The application form for submission by post or in person is available at the office of the Constitutional Court and can also be downloaded from the Constitutional Court’s website (www.vfgh.gv.at) (PDF, 613 KB). The carefully completed form, together with the requested supporting documents, is to be sent by post to the Constitutional Court at its address Freyung 8, 1010 Vienna, or delivered to its Registry there. The form „ZPForm 1 Vermögensbekenntnis“ (“Civil Procedure Form 1 Wealth Disclosure Statement”), which is available at all court offices, may be used alternatively.
In case of a rejection of an application for legal aid addressed to the Constitutional Court, the application cannot be transferred to the Supreme Administrative Court. Applicants wishing to obtain legal aid for proceedings before the Supreme Administrative Court have to apply for it directly and in a timely manner to the Supreme Administrative Court.
If legal aid is requested for a submission which is subject to a time limit or for the improvement of a petition, the legal aid application has to be submitted within the relevant time limit that applies for the submission or improved submission itself.
Examples: A complaint pursuant to Art. 144 of the Constitution (Bundesverfassungsgesetz, B-VG) has to be raised before the Constitutional Court within six weeks of service of the relevant decision of an administraticve court; an application for legal aid in connection with the submission of the complaint must therefore be submitted to the Constitutional Court within the same period.
If a complaint written by the litigant himself has been returned to the litigant by the Constitutional Court, requesting the litigant to have the complaint filed by a duly authorised lawyer within a certain period of time (usually four weeks), the litigant will have to submit any application for legal aid within the same time period.
The timely submission of an application for legal aid interrupts the expiration period of any time limits. The interrupted expiration period starts anew after a decision has been issued on the legal aid application. Depending on the case, this may be the date of service of a decision which appoints a lawyer as legal counsel, or the date on which the litigant is served with a ruling that rejects the application for legal aid. The expiration period for a complaint or improved complaint does not start anew, however, if the application for legal aid is rejected, for example because the applicant has not complied with an order to improve (to remedy defects in) the complaint.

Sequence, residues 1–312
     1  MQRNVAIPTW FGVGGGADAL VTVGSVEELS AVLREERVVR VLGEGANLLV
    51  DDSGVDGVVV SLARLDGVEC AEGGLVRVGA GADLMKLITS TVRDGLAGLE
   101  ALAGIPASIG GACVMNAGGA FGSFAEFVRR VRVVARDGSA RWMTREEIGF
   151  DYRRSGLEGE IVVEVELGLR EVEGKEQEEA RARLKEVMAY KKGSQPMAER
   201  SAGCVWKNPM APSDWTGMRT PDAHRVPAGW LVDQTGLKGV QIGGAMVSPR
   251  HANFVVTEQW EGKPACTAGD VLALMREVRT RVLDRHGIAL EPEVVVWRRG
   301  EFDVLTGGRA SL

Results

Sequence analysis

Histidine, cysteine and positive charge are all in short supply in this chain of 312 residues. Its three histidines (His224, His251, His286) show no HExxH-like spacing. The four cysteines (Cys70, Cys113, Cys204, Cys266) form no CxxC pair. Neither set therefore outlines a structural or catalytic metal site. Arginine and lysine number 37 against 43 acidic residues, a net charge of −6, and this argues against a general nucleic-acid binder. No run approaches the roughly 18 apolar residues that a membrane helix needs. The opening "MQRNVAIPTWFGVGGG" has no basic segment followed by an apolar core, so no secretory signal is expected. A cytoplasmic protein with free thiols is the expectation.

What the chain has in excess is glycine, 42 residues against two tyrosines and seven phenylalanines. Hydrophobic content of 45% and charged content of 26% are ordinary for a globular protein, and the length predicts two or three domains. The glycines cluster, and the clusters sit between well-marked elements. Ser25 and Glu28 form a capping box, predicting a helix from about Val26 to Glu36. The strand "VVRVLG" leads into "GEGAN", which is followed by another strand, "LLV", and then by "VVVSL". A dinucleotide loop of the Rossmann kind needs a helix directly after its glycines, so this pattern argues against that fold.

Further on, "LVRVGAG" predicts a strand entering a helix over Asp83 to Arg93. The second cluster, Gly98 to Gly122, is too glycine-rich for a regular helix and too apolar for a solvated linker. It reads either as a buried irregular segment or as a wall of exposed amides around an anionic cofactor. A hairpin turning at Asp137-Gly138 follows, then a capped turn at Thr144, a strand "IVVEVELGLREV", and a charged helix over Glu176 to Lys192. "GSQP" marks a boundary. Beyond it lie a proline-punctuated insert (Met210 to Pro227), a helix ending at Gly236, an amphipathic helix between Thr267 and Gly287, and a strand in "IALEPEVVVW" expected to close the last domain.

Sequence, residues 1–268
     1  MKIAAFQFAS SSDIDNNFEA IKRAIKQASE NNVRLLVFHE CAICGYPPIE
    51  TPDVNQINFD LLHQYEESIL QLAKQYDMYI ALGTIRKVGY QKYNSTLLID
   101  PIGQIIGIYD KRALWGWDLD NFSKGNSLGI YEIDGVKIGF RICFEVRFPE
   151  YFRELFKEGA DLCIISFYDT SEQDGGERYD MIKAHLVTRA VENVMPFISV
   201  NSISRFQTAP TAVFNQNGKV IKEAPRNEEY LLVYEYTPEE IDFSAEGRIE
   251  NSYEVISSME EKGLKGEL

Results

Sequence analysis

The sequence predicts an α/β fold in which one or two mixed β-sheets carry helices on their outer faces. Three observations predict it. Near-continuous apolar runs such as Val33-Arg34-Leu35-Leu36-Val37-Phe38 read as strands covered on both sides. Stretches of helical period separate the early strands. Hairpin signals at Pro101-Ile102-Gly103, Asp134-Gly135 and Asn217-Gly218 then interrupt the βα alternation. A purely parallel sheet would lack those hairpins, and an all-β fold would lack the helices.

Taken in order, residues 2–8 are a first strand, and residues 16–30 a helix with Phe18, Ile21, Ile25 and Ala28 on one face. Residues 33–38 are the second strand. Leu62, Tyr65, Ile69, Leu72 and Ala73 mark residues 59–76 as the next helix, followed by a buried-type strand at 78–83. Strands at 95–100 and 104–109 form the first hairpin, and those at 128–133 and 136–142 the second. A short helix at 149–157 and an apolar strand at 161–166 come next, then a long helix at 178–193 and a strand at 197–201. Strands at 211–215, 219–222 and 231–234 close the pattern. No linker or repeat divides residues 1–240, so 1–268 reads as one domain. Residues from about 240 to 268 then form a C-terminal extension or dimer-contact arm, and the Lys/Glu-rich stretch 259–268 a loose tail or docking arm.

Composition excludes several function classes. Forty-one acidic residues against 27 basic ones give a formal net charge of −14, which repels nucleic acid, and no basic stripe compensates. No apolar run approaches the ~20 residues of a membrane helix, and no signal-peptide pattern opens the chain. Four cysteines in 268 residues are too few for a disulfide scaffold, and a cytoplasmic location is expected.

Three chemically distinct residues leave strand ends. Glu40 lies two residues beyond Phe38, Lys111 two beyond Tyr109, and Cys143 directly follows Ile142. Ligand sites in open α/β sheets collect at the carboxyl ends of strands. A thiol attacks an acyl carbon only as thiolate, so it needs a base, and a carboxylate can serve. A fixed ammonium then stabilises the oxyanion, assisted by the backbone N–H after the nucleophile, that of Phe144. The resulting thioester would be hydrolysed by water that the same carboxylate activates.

The Act on Fees (Gebührengesetz) exempts applications for legal aid from filing fees and enclosure fees. Neither are they subject to the Court Fees Act (Gerichtsgebührengesetz) or a filing fee under section 17a para. 1 VfGG. By itself, an application for legal aid is therefore not subject to a fee.
If the application for legal aid is rejected, the filing fee of € 240 pursuant to section 17a para. 1 VfGG falls due on any complaint, petition, lawsuit or contestation of an election. The filing fee of € 240 is due and payable even if legal aid is granted in cases where the complaint, petition, lawsuit or challenge of an election was filed before the application for legal aid was submitted.
An applicant who deliberately gives incorrect or incomplete information in the wealth disclosure statement so as to receive legal aid, and whose application would be rejected if the information so given had been true and complete, may be subject to –
- a spurious claim fine of up to € 4,000;
- an order that reverses the provisional deferral of payments, with all amounts falling due retroactively, as well as retroactive payment of lawyer’s fees; and
- prosecution under criminal law (see section 69 ZPO).
Moreover, the applicant is liable for any damage in accordance with the provisions of legislation on compensation for damages.
When legal aid is granted, the payment of expenses and outlays is only deferred. If, during or within three years after the end of the proceedings, you acquire financial resources that enable you to cover the costs, the Constitutional Court may rule that you have to pay retroactively a part or all of the costs, and you may also have to pay the fees of your legal counsel in accordance with official lawyers’ fees scales (section 71 ZPO).
For more detailed legal information on applications for legal aid for proceedings before the Constitutional Court, please contact the office of the Constitutional Court Monday to Friday, 8 a.m. to 3 p.m., either personally or by calling +43 (1) 53 122 8111. An application for legal aid may also be made orally and recorded during the above office hours.